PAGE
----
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Iowa caucuses 2016: start time, schedule, and what to expect

Christopher Furlong/Getty

At long last, voting for the 2016 presidential nominations will begin tonight with the Iowa caucuses. The caucuses will begin at 7 pm Central time (8 pm Eastern), and separate Democratic and Republican events will take place in each of 1,681 precincts across the state. Democrats can find where to caucus here, and Republicans can check here. The Des Moines Register will be posting results throughout the night.

The caucuses' impact reaches far beyond Iowa — they have a tremendous amount of influence on the nominating contests. They've previously helped knock many candidates out of the race and have elevated other little-known contenders from obscurity. And nearly every major party presidential nominee in the past 40 years began by winning either Iowa, New Hampshire, or both.

Yet Iowa's tremendous influence has little to do with the delegates the state will eventually send to the parties' nominating conventions. Instead, the caucuses are important because of how they can change the political world's perceptions of who can win. The media, donors, activists, party officials, the candidates themselves, and even to a certain extent voters in other states all seem to be swayed by what happens in Iowa. So, as I argued in a recent feature, the Iowa caucuses are important because everyone believes they're important.

What to expect at the Iowa caucuses

In the GOP contest, everyone is anxiously awaiting the answer to one key question: "Can Donald Trump get people to actually vote for him?" Because despite Trump's months-long lead in national polls, there's still a great deal of skepticism from elites about him: Perhaps polls overstate his support, perhaps his campaign doesn't have a good ground game, perhaps his supporters who aren't regular GOP primary or caucus voters won't bother to show up, or perhaps the electorate will flock to a more seemingly electable candidate at the last minute.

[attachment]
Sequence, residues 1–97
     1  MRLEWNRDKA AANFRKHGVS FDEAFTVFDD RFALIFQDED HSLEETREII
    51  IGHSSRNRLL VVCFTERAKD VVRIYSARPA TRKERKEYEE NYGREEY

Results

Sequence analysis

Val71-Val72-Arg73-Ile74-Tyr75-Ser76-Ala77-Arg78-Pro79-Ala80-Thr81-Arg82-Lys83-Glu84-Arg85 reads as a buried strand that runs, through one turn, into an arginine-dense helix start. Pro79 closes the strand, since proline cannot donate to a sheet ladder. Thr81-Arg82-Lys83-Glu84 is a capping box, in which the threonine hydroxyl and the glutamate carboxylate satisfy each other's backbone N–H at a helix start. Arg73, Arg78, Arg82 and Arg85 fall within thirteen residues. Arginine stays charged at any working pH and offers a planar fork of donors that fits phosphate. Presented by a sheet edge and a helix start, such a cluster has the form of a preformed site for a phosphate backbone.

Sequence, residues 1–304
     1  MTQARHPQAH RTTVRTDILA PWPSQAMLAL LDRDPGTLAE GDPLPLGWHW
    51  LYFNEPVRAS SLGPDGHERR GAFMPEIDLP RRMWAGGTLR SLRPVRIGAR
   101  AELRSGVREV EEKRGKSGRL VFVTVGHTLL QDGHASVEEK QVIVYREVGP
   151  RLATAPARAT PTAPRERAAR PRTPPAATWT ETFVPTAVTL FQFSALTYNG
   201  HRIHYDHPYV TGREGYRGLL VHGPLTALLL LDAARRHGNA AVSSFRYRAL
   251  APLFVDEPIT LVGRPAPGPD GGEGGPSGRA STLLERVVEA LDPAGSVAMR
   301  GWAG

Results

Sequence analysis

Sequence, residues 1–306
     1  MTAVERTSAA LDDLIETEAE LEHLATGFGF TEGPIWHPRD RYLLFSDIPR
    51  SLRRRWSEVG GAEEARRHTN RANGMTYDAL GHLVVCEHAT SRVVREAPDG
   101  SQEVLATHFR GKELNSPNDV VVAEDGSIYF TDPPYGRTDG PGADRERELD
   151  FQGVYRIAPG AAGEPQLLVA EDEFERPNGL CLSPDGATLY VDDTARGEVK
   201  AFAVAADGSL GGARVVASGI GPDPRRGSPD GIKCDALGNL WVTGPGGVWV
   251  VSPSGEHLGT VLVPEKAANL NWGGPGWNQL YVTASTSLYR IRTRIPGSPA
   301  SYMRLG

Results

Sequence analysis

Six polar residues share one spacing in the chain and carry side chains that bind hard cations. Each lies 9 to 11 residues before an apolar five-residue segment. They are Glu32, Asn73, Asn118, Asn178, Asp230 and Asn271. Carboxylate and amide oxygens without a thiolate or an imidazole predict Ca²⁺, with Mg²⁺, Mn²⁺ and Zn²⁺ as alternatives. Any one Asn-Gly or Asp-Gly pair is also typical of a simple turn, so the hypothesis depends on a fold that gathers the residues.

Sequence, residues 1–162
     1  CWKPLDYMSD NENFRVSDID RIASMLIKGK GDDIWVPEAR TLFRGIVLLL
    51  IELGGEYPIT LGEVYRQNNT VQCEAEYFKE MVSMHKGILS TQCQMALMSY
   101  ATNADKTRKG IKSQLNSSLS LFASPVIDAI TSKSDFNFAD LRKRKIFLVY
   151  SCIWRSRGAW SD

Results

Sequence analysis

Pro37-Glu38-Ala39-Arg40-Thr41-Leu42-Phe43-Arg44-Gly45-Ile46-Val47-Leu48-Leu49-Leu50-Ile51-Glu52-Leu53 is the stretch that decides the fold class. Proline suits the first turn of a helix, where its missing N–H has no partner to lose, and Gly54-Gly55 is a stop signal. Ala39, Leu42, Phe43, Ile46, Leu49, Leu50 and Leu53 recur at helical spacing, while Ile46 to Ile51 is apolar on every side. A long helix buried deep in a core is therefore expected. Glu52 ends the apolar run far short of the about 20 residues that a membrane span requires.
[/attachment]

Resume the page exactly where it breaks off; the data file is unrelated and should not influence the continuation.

Since caucus turnout is difficult for pollsters to model and since Ted Cruz is perceived as having a better organization than Trump, much of the political world has long expected Trump to finish second, behind Cruz. Yet Trump has taken the lead in all the most recent polls. That's a two-edged sword, because it raises the expectations for Trump. A second-place finish would now be viewed as a disappointment for him. And if Trump comes in third or worse, it will be a disaster for him because it will destroy a central theme of his campaign: that he's a winner.

But if he does manage to actually win the caucuses, he'll debunk much of the skepticism about him, prove he won't be vanishing from the contest anytime soon, and unleash a media frenzy like you've never seen before.

The Iowa results will have big implications for other GOP candidates too. Since Ted Cruz led polls there until recently, a loss there would be perceived as a serious blow to his candidacy. Marco Rubio, meanwhile, is currently polling in third place, so that's where people expect him to end up. If Rubio manages to surprise people by placing second or even first, he'll get a huge amount of positive buzz going into New Hampshire. Even a relatively strong third-place finish could help distance him from other establishment-friendly candidates such as Jeb Bush and Chris Christie.

But if Rubio falls further behind — especially if another establishment-friendly candidate passes him — whispered doubts about his campaign's competence will be vindicated, and whoever beats him will have the "momentum" of media coverage and buzz among elites in the week before the Granite State contest. And if some other candidate entirely manages to surge late in Iowa (as Rick Santorum did in 2012), expect him or her to be a major player in the next contests too.

Meanwhile, on the Democratic side, Bernie Sanders has suddenly surged to be neck and neck with Clinton in Iowa polls after a full year where he was much further behind. Since he's long been ahead in New Hampshire, he's now positioned to seriously compete in both early states. But with this comes raised expectations. If Clinton wins both contests outright, Sanders's movement could well fizzle out, and she could wrap up the nomination quickly. If Sanders wins either, though, expect a pitched battle between the two that will last quite some time. (And unless Martin O'Malley vastly exceeds his current low-single-digit support in Iowa, expect him to drop out soon afterward.)

The nightmare scenario for Clinton at this point — which is not all that implausible — is that Sanders wins both Iowa and New Hampshire. If that happens, political elites and the press will mercilessly mock and second-guess the Clinton campaign for weeks. Yet insiders also understand that both states are heavily white and not representative of the more diverse Democratic electorate overall. So the big question is whether the positive coverage Sanders gets will help improve his performance among nonwhite Democrats who have seemed uninterested in his candidacy so far — and that will be put to the test in the next contests, Nevada and South Carolina.

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